You are on page 1of 2

Incident monitoring

Incident reporting has existed for decades. Many


countries now have national databases of adverse
events pertaining to different specialties such as
surgery, anaesthesia, maternal and child health.
WHO defines an incident as an event or
circumstance that could have or did lead to
unintended and/or unnecessary harm to a person
and/or a complaint, loss or damage. The main
benefit of incident reporting lies in the information
about prevention rather than the frequency of the
incident; other quantitative methods are required for
that.
Facilitated incident monitoring refers to the
mechanisms for identifying, processing, analysing
and reporting incidents with a view to preventing
their reccurrence [2]. The key to an effective
reporting system is to have staff routinely reporting
incidents or near misses. However, unless staff trust
that the organization will use the information for
improvement and not to blame individuals, they will
not report. Trust includes the belief that the
organization will also act upon the information. If a
medical student reported an incident to a senior
nurse or doctor who dismissed their effort and told
them not to bother, then the student is less likely to
make a report again. Even when this happens,
students should be encouraged by faculty staff to
continue to report. One day the student will be a
senior doctor and their actions will be highly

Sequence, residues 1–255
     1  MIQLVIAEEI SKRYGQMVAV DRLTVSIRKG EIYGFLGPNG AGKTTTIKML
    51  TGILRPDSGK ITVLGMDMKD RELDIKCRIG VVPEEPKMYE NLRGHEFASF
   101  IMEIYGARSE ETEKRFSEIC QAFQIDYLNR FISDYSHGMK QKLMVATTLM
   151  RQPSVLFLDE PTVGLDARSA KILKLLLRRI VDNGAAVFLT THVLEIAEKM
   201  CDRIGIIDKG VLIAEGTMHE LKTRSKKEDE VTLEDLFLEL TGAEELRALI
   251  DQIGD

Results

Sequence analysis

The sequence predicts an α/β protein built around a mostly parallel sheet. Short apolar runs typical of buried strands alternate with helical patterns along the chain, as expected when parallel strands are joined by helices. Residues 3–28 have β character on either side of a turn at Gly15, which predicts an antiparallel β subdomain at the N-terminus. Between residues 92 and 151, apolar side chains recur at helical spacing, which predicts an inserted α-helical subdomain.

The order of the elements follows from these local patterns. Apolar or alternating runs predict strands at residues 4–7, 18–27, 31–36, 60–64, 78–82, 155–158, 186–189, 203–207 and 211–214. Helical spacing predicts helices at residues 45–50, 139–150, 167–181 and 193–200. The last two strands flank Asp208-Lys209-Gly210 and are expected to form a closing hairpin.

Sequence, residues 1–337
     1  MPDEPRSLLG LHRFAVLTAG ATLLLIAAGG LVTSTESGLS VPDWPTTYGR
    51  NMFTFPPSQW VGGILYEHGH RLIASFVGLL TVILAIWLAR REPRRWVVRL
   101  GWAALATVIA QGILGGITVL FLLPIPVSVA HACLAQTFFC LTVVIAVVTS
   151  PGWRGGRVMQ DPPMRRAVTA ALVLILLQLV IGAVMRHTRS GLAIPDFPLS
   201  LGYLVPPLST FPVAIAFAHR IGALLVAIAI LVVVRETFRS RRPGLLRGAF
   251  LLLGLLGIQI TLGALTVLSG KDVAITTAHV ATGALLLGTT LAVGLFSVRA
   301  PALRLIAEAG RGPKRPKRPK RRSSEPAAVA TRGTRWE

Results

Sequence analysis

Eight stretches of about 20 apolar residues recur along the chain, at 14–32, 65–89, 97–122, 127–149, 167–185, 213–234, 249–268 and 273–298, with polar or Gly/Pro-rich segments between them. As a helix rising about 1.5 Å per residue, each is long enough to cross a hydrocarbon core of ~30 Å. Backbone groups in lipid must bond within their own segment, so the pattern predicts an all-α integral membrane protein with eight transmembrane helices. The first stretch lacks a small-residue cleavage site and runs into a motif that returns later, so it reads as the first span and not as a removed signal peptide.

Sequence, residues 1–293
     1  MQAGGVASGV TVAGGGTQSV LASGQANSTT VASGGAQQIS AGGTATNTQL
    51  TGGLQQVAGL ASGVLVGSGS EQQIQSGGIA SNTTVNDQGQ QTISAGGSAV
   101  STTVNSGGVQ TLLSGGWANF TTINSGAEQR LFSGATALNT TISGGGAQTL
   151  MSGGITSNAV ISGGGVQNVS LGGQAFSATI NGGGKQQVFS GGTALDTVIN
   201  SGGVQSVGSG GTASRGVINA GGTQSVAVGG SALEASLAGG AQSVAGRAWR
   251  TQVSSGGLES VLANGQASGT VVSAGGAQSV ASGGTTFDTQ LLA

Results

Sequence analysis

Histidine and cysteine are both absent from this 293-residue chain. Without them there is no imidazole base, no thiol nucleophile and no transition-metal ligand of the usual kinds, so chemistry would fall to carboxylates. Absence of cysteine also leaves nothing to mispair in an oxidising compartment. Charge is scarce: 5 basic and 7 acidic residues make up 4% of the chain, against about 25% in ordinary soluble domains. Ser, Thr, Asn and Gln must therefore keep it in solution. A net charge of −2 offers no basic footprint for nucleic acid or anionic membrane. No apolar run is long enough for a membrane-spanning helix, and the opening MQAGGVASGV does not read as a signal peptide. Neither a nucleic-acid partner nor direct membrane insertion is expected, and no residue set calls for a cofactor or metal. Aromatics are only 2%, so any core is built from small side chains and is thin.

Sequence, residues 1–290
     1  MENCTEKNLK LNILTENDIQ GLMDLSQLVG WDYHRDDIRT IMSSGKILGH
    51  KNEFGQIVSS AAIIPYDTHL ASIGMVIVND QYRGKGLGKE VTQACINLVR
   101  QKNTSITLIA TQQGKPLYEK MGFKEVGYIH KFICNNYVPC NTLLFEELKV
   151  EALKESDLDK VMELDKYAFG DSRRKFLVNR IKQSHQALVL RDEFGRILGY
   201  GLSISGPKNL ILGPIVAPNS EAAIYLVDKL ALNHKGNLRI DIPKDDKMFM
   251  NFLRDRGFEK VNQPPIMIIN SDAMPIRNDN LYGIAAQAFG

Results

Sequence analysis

influential on younger doctors and students.
Facilitated monitoring is designed to identify a
greater proportion of incidents and to produce
reports that are aimed at improving care. This type
of monitoring is a continuous activity of the clinical
team involving the following actions:
• discussion about incidents is a standing item in
the weekly clinical meetings;
• there is a weekly review of areas where errors
are know to occur;
• a detailed discussion about the facts of an
incident and follow-up action required is done
with the team;
• the discussion is always educational rather
then attributing blame;
• identifies the system issues so they can be
addressed and other staff made aware of the
potential difficulties.
As well as reporting actual incidents, some
organizations encourage the reporting of “near
misses” because of the value they bring about new
problems and the factors that contribute to them,
and how they may be prevented, before serious
harm is done to a patient. A near miss is an incident
that did not cause harm. Some people call “near
misses” “near hits” because the actions may have
caused an adverse event, but corrective action was
taken just in time or the patient had no adverse
reaction to the incorrect treatment. Talking about
“near misses” may be easier in some environments
where there is a strong blame culture because no
one will be able to be blamed because there was
no adverse outcome to the patient. See Table 14 for
more analysis of incident monitoring.